Attorney General William Barr said he plans to release the full (redacted) report from special counsel Robert Mueller's Russia investigation within a week, according to CNN.
Barr said the redactions will be color-coded and come with explanations of the specific reason that information was not made public.
So everyone's happy, right? Of course, the news of the impending release of the report did not satisfy all congressional Democrats. Barr's promised release does not satisfy those who do not trust the Trump-appointed AG to handle the redaction process appropriately.
House Judiciary Committee chair Rep. Jerry Nadler (D-N.Y.) stands ready to issue a subpoena if the information doesn't contain all the information he believes it should.
"I presume we're going to get the redacted report within a week," Nadler said Tuesday. "When we do so, if we don't get everything, we will issue a subpoena and go to court."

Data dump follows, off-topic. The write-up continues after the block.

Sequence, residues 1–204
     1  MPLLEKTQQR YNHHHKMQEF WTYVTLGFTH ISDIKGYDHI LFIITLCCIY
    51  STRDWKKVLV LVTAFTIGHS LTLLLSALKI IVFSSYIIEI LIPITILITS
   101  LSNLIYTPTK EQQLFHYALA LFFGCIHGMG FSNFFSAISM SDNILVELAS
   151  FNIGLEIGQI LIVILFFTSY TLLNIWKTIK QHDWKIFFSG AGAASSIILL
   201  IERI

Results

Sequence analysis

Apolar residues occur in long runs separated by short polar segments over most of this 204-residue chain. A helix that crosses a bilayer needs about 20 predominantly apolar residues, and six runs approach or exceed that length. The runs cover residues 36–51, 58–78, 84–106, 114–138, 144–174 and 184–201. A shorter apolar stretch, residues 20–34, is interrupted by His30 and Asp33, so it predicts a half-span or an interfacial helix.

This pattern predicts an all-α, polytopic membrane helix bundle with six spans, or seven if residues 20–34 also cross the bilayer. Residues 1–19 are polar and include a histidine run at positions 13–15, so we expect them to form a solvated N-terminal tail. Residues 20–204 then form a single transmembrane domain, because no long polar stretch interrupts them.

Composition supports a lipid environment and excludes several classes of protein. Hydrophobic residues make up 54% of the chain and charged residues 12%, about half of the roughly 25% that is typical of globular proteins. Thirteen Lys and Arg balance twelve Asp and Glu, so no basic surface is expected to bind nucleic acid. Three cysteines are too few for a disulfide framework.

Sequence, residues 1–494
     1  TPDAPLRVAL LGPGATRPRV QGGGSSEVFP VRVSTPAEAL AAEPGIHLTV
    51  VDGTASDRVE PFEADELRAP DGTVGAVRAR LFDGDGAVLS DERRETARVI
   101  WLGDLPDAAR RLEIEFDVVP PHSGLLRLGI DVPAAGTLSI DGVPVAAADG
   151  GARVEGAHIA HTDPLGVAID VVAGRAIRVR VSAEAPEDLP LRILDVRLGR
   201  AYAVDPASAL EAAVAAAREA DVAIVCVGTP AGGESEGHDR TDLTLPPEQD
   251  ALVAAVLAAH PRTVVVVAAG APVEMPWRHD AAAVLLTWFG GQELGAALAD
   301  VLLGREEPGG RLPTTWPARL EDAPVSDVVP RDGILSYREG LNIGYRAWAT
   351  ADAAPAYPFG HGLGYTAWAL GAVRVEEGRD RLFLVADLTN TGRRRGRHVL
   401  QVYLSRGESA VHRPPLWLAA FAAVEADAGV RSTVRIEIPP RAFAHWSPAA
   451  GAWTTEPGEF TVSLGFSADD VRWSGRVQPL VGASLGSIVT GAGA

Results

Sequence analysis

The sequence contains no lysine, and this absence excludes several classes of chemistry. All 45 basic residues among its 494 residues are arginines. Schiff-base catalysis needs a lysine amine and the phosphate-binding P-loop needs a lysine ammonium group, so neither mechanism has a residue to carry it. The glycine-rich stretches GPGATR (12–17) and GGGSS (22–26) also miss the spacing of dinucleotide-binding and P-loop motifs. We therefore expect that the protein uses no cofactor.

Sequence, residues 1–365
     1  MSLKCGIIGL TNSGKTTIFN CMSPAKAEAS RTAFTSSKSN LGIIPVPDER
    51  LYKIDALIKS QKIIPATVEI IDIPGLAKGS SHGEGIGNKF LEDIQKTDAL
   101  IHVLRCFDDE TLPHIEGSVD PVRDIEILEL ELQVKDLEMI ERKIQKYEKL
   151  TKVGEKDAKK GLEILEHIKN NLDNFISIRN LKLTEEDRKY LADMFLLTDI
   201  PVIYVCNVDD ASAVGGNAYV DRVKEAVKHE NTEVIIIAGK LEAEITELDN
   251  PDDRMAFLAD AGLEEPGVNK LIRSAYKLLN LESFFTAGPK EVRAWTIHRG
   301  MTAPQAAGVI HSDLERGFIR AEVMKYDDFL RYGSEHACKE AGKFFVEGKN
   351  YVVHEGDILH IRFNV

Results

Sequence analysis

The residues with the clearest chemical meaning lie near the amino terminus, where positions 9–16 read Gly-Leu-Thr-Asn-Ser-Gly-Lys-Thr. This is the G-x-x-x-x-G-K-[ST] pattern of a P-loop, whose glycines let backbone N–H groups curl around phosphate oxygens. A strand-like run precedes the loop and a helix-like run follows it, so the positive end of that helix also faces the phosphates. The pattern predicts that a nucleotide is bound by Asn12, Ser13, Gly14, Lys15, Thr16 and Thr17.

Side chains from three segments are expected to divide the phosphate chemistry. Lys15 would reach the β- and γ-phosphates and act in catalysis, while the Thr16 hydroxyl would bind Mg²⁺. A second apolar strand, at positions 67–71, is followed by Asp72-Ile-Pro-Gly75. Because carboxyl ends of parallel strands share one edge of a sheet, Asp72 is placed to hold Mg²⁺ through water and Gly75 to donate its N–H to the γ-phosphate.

Barr defends the infamous four-page letter: Barr has been heavily criticized by Democrats for the four-page letter he sent to Congress upon reviewing Mueller's report; specifically, the portion where he determined that President Donald Trump should not be charged with obstruction of justice based on the available evidence.
Still, Barr maintains that it wasn't intended to be a full summary, and that Mueller declined to review the letter before it was sent.
"I suspect that they probably wanted more put out," Barr said. "In my view, I was not interested in putting out summaries or trying to summarize, because I think any summary, regardless of who prepares it, not only runs the risk of being under-inclusive or over-inclusive, but also, would trigger a lot of discussion and analysis that really should await everything coming out at once."